The “constitutional conservatives” of the GOP want to scrap the First Amendment Establishment Clause, a new poll reveals. (More)

If you hold your breath you’re supposed to turn blue, or so the expression goes, but this morning a lot of people turned a lovely shade of green as they held their breath watching Ireland chase down the United Arab Emirates in the Cricket World Cup. I did too, so I’ll keep this brief.

White evangelical Christians – call them the Religious Wrong – dominate the GOP, according to the New York Times’ Frank Bruni:

If you looked at the responses of all Republicans minus this evangelical subset, you saw a remarkably different party.

Among all Republicans, 35 percent favored the legalization of gay marriage, while 58 percent opposed it. But subtract the white evangelicals and the spread changes: 45 to 47. The party becomes almost evenly divided, in bold contrast to the decidedly negative stance that most Republican congressional leaders take.

Just 39 percent of all Republicans said that abortion should be legal in all or most cases, while 58 percent said that it shouldn’t. Subtract the white evangelicals and again there’s another nearly even split: 48 to 49 percent. So the party’s anti-choice ardor makes sense chiefly in terms of evangelicals.

Bruni was reporting on this new survey from Public Policy Polling:

PPP’s newest national Republican poll finds a clear leader in the race for the first time: Scott Walker is at 25% to 18% for Ben Carson, 17% for Jeb Bush, and 10% for Mike Huckabee. Rounding out the field of contenders are Chris Christie and Ted Cruz at 5%, Rand Paul at 4%, and Rick Perry and Marco Rubio at 3%.

But the real shocker was this question:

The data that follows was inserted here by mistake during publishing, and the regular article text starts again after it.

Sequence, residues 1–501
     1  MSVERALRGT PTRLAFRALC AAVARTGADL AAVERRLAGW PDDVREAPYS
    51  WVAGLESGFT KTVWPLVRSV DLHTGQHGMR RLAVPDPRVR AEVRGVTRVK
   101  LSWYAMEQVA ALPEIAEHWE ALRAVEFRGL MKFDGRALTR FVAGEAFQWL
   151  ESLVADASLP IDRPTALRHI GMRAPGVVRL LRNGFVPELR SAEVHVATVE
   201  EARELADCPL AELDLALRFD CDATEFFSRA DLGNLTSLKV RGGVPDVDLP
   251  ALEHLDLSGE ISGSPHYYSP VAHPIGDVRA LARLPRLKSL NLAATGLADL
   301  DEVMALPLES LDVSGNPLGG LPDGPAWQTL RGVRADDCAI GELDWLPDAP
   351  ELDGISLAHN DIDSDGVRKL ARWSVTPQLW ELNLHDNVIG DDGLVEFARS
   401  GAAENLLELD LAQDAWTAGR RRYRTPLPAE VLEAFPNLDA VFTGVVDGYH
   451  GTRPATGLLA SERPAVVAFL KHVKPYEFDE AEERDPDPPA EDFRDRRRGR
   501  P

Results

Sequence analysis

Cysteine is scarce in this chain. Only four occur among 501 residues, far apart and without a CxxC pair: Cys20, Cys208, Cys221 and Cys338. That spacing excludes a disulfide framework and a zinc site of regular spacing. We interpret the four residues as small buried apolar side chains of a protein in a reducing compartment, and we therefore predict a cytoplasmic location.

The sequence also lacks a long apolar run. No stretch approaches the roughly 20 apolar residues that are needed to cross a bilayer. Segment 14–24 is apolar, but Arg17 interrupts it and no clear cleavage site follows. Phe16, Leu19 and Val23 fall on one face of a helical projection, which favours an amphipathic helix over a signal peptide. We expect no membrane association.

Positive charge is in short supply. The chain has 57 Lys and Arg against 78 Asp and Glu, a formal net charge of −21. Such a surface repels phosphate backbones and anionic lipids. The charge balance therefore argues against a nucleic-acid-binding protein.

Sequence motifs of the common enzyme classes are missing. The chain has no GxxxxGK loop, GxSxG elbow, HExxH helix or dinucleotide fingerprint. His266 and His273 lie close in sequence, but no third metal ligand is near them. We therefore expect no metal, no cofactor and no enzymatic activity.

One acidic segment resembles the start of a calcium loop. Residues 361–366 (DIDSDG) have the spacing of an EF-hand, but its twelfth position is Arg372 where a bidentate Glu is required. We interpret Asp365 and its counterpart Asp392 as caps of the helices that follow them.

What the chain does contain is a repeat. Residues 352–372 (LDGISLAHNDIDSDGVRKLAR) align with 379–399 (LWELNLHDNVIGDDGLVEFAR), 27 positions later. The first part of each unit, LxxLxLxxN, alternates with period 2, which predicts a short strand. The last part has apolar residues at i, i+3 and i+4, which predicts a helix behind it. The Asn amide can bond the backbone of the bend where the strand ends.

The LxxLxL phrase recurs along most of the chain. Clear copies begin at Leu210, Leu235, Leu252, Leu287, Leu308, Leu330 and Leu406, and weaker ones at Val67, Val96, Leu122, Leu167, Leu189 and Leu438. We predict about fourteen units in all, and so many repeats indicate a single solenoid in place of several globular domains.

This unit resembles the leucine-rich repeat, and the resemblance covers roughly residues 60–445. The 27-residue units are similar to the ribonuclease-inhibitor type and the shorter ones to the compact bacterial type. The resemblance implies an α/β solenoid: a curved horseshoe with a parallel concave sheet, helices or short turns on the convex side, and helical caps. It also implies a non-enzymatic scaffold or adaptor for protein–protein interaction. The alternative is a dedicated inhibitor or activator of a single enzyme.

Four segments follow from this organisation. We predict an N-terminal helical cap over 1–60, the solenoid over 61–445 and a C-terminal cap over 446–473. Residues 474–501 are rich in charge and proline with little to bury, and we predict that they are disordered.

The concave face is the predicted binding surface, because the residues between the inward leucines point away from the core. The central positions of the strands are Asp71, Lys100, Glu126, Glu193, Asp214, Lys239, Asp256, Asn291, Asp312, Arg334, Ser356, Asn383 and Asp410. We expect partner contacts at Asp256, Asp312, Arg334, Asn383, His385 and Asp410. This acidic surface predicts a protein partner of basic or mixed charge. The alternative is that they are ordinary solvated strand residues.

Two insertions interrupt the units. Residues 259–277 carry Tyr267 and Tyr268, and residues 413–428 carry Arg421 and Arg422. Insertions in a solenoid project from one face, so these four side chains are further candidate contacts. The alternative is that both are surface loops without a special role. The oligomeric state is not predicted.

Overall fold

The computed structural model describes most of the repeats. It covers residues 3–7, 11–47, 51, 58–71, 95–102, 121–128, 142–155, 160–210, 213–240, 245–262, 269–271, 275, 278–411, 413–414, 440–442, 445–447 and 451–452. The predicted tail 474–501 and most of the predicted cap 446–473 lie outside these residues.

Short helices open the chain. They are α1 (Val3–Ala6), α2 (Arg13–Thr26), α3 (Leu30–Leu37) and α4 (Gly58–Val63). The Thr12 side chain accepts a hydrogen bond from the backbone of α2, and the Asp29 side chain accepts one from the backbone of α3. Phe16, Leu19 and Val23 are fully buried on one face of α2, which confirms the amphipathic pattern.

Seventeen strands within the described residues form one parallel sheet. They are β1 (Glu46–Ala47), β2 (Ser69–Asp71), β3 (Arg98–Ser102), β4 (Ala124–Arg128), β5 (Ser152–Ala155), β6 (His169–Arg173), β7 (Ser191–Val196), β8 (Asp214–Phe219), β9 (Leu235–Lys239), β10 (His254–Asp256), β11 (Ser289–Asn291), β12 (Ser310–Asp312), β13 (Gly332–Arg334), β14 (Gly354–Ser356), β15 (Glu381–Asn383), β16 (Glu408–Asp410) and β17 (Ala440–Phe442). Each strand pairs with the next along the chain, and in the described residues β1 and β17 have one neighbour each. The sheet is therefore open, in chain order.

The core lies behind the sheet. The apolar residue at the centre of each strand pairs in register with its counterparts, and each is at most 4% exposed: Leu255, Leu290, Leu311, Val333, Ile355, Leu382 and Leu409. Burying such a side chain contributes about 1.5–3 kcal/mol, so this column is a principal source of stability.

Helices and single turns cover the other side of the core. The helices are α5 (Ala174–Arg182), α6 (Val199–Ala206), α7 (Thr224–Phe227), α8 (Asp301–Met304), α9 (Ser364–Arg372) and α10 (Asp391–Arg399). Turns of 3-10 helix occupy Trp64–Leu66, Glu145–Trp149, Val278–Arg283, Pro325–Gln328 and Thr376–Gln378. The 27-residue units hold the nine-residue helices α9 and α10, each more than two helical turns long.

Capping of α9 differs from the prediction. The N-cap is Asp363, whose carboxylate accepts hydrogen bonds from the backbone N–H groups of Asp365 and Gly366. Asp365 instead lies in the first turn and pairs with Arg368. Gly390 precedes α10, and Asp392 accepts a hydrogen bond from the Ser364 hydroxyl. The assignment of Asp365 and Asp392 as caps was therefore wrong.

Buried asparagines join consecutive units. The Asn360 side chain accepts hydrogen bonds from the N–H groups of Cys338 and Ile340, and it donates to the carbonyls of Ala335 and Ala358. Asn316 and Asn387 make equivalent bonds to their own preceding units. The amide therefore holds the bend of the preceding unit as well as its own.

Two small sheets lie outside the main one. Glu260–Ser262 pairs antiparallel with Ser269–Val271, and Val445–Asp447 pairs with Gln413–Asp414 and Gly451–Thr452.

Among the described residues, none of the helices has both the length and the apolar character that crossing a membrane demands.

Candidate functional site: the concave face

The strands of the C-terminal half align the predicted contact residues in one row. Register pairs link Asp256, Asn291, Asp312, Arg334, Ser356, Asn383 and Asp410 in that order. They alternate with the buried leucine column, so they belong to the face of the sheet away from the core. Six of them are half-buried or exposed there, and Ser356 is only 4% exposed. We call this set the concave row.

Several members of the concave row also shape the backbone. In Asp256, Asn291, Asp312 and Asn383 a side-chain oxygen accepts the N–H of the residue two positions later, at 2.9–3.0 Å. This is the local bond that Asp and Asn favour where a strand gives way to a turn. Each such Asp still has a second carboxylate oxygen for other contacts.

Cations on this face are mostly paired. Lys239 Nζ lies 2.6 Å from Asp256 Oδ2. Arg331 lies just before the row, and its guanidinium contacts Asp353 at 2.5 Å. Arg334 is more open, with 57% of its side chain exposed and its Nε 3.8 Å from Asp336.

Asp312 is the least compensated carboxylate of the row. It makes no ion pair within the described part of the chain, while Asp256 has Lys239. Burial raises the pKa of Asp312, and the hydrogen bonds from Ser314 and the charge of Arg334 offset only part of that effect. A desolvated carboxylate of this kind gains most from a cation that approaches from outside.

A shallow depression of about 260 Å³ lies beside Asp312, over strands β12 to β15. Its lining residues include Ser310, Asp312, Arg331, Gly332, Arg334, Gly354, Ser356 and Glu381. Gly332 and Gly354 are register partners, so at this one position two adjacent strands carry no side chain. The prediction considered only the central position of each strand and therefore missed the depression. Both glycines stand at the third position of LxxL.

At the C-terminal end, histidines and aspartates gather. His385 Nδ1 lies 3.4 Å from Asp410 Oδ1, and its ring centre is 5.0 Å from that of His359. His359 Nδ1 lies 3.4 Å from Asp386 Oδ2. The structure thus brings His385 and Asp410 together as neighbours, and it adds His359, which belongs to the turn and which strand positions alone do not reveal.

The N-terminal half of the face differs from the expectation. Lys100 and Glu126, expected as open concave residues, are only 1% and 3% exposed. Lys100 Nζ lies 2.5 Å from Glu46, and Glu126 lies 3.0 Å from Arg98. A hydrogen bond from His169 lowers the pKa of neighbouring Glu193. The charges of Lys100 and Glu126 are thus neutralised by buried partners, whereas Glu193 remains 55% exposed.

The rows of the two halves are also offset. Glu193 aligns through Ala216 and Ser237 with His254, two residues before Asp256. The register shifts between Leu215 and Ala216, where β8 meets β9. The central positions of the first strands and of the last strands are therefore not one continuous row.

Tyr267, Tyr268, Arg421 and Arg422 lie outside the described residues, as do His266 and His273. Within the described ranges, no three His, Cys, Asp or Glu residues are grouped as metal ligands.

(Republicans) Would you support or oppose establishing Christianity as the national religion?

57% Support establishing Christianity as the national religion
…..
30% Oppose establishing Christianity as the national religion
…..
13% Not sure.

Keep in mind that Republicans love to brand themselves ‘constitutional conservatives.’ I guess that doesn’t apply to this bit:

Congress shall make no law respecting an establishment of religion[.]

That seems pretty straightforward to me, but Cornell University’s Legal Information Institute explains it, just in case:

The First Amendment’s Establishment Clause prohibits the government from making any law “respecting an establishment of religion.” This clause not only forbids the government from establishing an official religion, but also prohibits government actions that unduly favor one religion over another. It also prohibits the government from unduly preferring religion over non-religion, or non-religion over religion.

Of course that’s just a bunch of legal mumbo-jumbo from unelected Supreme Court judges, while ‘historian’ David Barton insists the U.S. was founded as and must return to being “a Christian nation.” I put ‘historian’ in scare quotes because actual historians think Barton is a quack who makes up history to suit his ideology.

But that doesn’t stop him from being a favored advisor to prominent Republicans, and today’s PPP survey explains why. Barton feeds Republican candidates the talking points the evangelical base want to hear.

Until that changes, GOP candidates will continue to poll dance … and the rest of us will continue to cringe.

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Good day and good nuts